“Businesses must adapt to the rise in smartphone computing or face complex device management issues,” says Mathivanan Venkatachalam, director of product management at ManageEngine.

There’s a rebellion taking place in organisations all over the world. Laptops may be getting smaller and sleeker, but smartphones and tablets are becoming a more powerful tool for employees, providing a compact computing solution. Recent trends in device usage have certainly tilted toward the use of touchscreen devices over traditional desktop computers.

In some cases, organisations are funding this revolution, arming their employees with brand-new business-owned smartphones and tablets that enable workers to stay constantly connected to email accounts, shared servers, CRM systems, and other resources.

Research firm Statcounter recently reported that mobile web usage has overtaken desktop computer web usage for the first time ever, highlighting the shift towards mobile devices over traditional laptops and PCs. Similar research from comScore reveals that 20 percent of millennials no longer use laptops or PCs, suggesting that traditional computer usage will decline further as younger generations opt for the convenience of mobile devices. Further analysis from We Are Social predicts that by the end of this year, there will be approximately 5 billion smartphone users globally.

The connected world enables employees to access corporate resources from any place, at any time. The nine-to-five work day is no more because administrative tasks can be managed quickly and easily whenever employees have their devices in their hands. This in turn frees up more time within the work day so employees can focus on higher priority responsibilities.

[easy-tweet tweet=”BYOD is the practice of employees using their own personal smart devices for work activities” hashtags=”BYOD, IT”]

Organisations that haven’t yet recognised the benefits of providing employees with smart devices—or that simply don’t have the budget to do so—are no doubt beginning to experience bring your own device (BYOD) culture. BYOD is the practice of employees using their own personal smart devices for work activities, allowing them to complete tasks remotely or on the move.

IT admins: Agents of change

There are clear benefits to this workplace revolution, but IT departments must adapt if their business is to benefit from the increased productivity that BYOD brings. If IT teams are to become the agents of change by facilitating a smooth transition to a smarter, mobile-friendly organisation, they must be provided with the right tools for the job.

With the increased organisational benefits of mobile computing comes a whole new set of problems for IT teams, who must adapt to the challenges of managing the IT capabilities of a mobile workforce. Common issues such as a user struggling to locate a downloaded file on their smart device, or encountering complications streaming a presentation to a TV screen, can result in lengthy and often fruitless calls to the IT help desk.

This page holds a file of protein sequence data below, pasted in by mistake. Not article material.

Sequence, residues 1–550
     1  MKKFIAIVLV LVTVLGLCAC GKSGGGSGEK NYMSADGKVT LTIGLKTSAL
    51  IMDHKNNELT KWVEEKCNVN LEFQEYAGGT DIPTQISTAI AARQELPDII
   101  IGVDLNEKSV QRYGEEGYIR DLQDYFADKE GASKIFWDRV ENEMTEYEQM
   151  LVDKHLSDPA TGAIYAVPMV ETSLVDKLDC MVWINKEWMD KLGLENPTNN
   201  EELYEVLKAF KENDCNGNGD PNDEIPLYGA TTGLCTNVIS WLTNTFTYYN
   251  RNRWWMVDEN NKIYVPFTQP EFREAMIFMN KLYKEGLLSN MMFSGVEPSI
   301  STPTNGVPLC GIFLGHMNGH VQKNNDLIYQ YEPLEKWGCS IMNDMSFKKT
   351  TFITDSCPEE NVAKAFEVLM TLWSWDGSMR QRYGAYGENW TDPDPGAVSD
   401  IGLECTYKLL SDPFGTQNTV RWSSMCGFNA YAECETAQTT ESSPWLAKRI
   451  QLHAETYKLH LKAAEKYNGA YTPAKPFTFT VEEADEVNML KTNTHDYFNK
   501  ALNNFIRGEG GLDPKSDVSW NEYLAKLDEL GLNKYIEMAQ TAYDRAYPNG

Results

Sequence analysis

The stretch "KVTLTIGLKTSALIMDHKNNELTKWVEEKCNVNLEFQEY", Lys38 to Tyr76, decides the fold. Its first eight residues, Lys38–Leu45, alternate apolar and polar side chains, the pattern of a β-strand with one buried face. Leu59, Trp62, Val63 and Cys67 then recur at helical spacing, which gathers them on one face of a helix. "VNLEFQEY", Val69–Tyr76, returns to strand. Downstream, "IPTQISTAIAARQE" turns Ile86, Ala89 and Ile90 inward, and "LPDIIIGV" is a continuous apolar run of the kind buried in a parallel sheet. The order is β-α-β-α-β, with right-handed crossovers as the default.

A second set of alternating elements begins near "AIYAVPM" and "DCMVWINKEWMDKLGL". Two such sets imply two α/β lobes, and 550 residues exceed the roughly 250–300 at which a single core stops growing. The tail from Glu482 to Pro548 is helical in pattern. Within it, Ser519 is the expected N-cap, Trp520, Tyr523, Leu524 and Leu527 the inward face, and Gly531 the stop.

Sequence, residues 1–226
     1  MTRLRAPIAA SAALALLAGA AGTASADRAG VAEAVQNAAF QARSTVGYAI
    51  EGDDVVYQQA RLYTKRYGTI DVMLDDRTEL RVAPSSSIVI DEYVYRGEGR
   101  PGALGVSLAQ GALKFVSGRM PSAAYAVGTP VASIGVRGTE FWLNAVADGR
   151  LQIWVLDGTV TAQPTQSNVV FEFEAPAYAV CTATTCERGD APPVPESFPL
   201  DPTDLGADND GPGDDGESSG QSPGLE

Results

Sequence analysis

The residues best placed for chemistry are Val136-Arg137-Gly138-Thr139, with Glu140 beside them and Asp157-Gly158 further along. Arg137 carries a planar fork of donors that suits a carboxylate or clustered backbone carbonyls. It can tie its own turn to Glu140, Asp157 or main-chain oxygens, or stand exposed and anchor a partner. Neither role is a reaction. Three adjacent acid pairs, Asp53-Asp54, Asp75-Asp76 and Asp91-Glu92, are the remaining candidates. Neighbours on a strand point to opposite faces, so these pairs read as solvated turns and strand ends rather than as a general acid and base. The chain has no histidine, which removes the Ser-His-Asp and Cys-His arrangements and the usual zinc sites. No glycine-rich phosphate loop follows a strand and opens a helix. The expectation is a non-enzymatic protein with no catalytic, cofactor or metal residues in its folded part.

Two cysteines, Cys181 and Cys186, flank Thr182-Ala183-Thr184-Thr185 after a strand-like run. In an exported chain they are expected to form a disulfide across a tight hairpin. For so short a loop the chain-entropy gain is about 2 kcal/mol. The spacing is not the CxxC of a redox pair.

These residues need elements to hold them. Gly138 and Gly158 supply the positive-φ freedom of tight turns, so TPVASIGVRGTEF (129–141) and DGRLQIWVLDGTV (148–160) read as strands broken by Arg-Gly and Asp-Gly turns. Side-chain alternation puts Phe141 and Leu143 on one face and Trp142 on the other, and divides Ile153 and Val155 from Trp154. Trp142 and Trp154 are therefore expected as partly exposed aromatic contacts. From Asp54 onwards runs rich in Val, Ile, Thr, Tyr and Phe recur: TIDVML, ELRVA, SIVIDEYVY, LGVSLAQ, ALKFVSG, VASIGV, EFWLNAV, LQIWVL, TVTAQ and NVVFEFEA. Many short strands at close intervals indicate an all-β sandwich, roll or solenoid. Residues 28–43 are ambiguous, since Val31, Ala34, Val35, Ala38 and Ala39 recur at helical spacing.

The IT admin on the other end of the line will typically attempt to assist with blind instructions, and this can be a complicated and time-consuming process. It only takes one party with poor communication skills to add to the frustration. An IT admin that uses too much jargon or an employee that can’t articulate their issue or explain what they’re seeing on their screen can result in wasted time and effort for both parties.

If the issue is unresolved due to the IT help desk being in another location, employees will often turn to other departments whose team members are likely to be technically proficient. Marketing departments and digital teams are known for using smart devices to manage social media accounts, and these teams often become substitute IT admins when the help desk is unavailable. Relying on these adopted IT teams to regularly troubleshoot issues creates unnecessary stress and strain over issues which should be managed by the real IT help desk.

Direct results through remote management

Enterprise mobility management (EMM) solutions, such as Mobile Device Manager Plus,  enable IT admins to successfully manage and monitor mobile devices, wireless networks, and other mobile computing services across their organisations. Any organisation that strives to reap the benefits of mobile computing must acknowledge the value in adopting an EMM solution or face a rise in unresolved IT issues across the business as a whole.

Vendors developing these software solutions have been quick to recognise the potential fallout from poor communication between dispersed IT teams and individuals experiencing issues with their mobile devices or the networks that they connect to.

The solution is integrated remote management, developed to simplify the entire process of troubleshooting remote devices by enabling IT admins to access and control employees’ remote devices from their own computers or devices. Available in both cloud and on-premises editions, remote control can assist help desk technicians in resolving tickets much faster because they can access employees’ devices and troubleshoot issues directly.

When faced with device difficulties, employees needn’t waste valuable time trying to resolve the issue on their own. Instead, with the addition of remote troubleshooting, administrators can access employees’ mobile devices remotely at any time and provide support on the go. Admins can take complete control of a user’s device to view its current condition and provide support. Admins can view the device screen in the same way they can share the screen of a desktop. Best all, user privacy is protected, allowing users to grant permission before admins take control of their device.

The mobile computing revolution may be well underway, but if businesses are to benefit from greater productivity through increased convenience, they must ensure their IT teams have sufficient management solutions in place.